In the years 1961/62, images from distant countries with an exotic charm
were still something for which the cinema-goer was willing to shell out
money at the box office. Already with Cinerama, the widescreen cinema
experience afforded many Americans a kind of virtual presence at all the
wonders of the world - before mass international tourism would be able to offer
them a real presence there: "This is Cinerama" made, as it were, a
perfunctory stop at every item on the compulsory itinerary of an
all-inclusive »Europe-In-6-Days« tour: Rome, Venice, Vienna – with the
obligatory Verdi opera, audience with the Pope or a few bars from the
Vienna Boys’ Choir thrown in at each respective halt on the journey.
Films about foreign lands and exotic cultures, such as Hans Domnick’s
two-part travel film "Traumreise Der Welt" ("Dream Road of the World")
(not distributed in the US) drew crowds of people into the cinema in
In producing a travel film, M.C.S.
would require no expenditure on stars but the format would offer a whole
range of opportunities to demonstrate the new 70mm camera system not
only to the public but also to other producers and film-makers in the
most spectacular manner. Such a film was announced under the working
title "Windjammer - Part 2", a name by means of which M.C.S. was clearly
aiming to exploit the success of the earlier Cinemiracle film.
Cinemiracle Productions Inc. were naturally less than pleased with this
manoeuvre and began legal proceedings against the Munich firm.
Flying Clipper Has Its Wings Clipped In England
»The American firm Cinemiracle International Pictures Inc. has
succeeded, in London, in winning a court injunction – enjoying legal
force up until 2nd October 1962 – preventing the MCS Film Company,
Munich, and Rudolf Travnicek from continuing to produce, print or
publicly present the film "Flying Clipper". This injunction will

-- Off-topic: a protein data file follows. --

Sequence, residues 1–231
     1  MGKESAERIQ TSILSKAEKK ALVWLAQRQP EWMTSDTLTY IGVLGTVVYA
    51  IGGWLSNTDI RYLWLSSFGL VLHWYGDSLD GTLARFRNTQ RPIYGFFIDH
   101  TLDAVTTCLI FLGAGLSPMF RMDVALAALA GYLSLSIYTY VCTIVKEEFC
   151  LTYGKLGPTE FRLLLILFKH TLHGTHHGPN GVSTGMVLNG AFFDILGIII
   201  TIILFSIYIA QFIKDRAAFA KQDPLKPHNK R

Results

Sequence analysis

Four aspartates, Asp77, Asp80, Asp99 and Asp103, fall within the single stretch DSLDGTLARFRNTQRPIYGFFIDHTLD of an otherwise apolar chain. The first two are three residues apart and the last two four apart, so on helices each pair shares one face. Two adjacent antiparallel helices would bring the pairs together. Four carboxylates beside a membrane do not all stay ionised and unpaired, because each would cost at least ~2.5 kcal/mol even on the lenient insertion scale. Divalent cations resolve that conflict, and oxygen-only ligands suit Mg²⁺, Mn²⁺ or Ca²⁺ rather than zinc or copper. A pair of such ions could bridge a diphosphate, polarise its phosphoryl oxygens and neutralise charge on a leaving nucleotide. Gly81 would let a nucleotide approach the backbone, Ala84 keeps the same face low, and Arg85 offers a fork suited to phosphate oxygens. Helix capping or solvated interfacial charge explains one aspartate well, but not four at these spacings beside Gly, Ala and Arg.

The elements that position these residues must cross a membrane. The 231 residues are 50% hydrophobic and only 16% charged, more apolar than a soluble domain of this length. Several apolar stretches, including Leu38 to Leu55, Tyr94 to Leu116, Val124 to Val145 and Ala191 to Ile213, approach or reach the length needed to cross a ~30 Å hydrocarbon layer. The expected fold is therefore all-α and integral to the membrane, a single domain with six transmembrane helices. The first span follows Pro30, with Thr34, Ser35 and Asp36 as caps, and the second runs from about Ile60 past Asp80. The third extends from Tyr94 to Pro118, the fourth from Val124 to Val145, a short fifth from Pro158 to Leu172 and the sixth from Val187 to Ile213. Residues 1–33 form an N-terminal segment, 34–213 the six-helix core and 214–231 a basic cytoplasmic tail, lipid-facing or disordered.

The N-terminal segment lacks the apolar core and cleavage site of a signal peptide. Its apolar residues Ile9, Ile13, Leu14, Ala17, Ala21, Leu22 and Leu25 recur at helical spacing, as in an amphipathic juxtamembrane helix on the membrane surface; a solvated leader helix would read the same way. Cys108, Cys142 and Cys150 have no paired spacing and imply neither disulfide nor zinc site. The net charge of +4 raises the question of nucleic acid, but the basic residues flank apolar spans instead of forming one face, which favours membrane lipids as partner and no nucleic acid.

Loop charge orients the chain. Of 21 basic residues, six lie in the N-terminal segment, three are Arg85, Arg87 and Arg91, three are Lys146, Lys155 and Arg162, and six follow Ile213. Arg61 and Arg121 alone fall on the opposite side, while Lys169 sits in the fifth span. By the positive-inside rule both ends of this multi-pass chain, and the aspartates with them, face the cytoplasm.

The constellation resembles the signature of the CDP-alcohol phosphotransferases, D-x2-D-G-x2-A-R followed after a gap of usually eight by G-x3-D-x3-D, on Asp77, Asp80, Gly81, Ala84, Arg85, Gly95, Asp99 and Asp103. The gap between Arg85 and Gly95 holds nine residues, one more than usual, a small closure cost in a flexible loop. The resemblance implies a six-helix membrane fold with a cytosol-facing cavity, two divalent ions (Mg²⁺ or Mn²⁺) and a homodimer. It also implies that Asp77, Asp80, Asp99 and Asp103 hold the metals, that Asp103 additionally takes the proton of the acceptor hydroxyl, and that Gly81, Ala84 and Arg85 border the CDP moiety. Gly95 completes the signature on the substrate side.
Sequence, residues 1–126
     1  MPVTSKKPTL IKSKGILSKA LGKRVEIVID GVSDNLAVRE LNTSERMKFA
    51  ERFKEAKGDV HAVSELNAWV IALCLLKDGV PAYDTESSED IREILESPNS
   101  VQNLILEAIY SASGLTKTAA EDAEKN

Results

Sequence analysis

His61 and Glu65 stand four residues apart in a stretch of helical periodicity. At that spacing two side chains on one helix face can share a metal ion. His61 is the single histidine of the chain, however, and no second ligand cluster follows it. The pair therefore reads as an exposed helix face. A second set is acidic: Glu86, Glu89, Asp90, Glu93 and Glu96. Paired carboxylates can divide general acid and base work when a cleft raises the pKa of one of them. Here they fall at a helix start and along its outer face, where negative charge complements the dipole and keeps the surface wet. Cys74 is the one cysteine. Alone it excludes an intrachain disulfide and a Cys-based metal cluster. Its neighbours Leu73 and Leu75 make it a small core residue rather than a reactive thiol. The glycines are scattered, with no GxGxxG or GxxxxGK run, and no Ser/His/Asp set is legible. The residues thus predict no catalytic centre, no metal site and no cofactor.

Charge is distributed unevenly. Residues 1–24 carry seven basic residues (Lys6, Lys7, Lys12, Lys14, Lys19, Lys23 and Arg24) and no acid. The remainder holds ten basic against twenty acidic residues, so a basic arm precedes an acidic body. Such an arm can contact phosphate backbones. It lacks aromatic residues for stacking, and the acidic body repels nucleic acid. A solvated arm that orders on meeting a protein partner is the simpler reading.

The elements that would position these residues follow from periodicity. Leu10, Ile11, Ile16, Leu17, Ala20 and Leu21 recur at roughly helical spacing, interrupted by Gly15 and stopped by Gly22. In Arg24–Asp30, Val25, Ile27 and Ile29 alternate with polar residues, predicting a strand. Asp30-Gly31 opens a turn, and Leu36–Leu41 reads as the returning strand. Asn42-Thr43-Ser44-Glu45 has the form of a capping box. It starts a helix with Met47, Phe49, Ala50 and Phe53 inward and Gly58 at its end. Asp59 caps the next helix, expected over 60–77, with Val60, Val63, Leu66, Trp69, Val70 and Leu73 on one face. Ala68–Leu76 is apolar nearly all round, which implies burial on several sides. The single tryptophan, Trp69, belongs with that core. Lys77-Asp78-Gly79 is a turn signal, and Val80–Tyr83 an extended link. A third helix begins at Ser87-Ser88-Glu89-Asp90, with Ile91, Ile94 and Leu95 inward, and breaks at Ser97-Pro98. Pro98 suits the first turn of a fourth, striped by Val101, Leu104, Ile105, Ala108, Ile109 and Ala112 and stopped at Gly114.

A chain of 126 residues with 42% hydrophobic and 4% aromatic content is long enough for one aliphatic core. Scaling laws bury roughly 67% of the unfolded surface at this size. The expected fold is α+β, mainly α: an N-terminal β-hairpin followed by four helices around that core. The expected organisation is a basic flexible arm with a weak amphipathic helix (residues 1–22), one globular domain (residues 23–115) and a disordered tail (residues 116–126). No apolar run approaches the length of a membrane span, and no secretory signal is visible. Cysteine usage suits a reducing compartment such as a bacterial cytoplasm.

prevent, above all, any further processing and printing work on the film
at Technicolor in London. Cinemiracle, a subsidiary of Cinerama Inc.,
accuses Rudolf Travnicek of having breached, with his project "Flying
Clipper", certain contractual agreements which he had entered into some
years ago on taking over the film "Windjammer".«
(Film-Echo/Filmwoche 70/1962, p. 5)
Bob Gaffney filming "Fortress of Peace". Image Dieter Gaebler's Collection
A short time later, the parties to the dispute were able to reach a
settlement. M.C.S. changed the German title to "Flying Clipper - Traumreisen Unter Weissen Segelen" and yielded the US distribution rights
for the film to Cinemiracle, or rather to National Theatres Inc. In
English-speaking countries, M.C.S’s Traumreise, or »dream journey«, was
shown under the title "Mediterranean Holiday". Burl Ives did the
voice-over commentary for the English version and sang »Ballads to the
Jacobsen’s Field Camera, six of which were used in the shooting of the
film at a whole series of different locations, proved to be robust and
reliable. The most was made of every possible movement effect. The
camera accompanied a ladies’ motor scooter club along the winding
coastal roads of Dalmatia, went shooting along concrete runways mounted
on go-karts, and captured, strapped below the fuselage of a Dornier Do27
plane, a whole series of astonishing aerial shots. It is, above all, these
aerial images, shot by Heinz Hölscher, that make the film still worth
seeing even today, because they form records of landscapes in the
Mediterranean area which, due to new house- and road-construction and
also due to mass tourism, are today altered almost beyond recognition.
A rather pompous voice-over commentary links the various episodes,
spoken by German actor Hans Clarin who had already provided the
narration for "Windjammer". And indeed, the parallels to the first film
are more than coincidental. The Norwegian cadets of the »Christian Radich«
had paid a visit to a US aircraft carrier – which must also, of course,
be admired by the crew of the »Flying Clipper«.
"Flying Clipper" was not made with synchronous sound. The few passages of
dialogue were post-dubbed. On some takes, for example those in the
Egyptian »Valley of the Kings«, Jan Jacobsen’s ultra-light 65mm handmade
prototype camera was used again. Moreover, this was a journey from which
one of the Field Cameras was destined to never return. It fell overboard
and must be assumed to be lying on the bed of the Mediterranean to this
very day – a confirmation, at least, of the wisdom of having secured
proper equipment insurance.
Chapter 4: Tying Up The Package
Dieter Gaebler working with
a blimped ARRI 35mm camera. Image Dieter Gaebler's Collection
not only enjoyed a certain success with the public but
also served beyond a doubt to demonstrate the merits of the new process.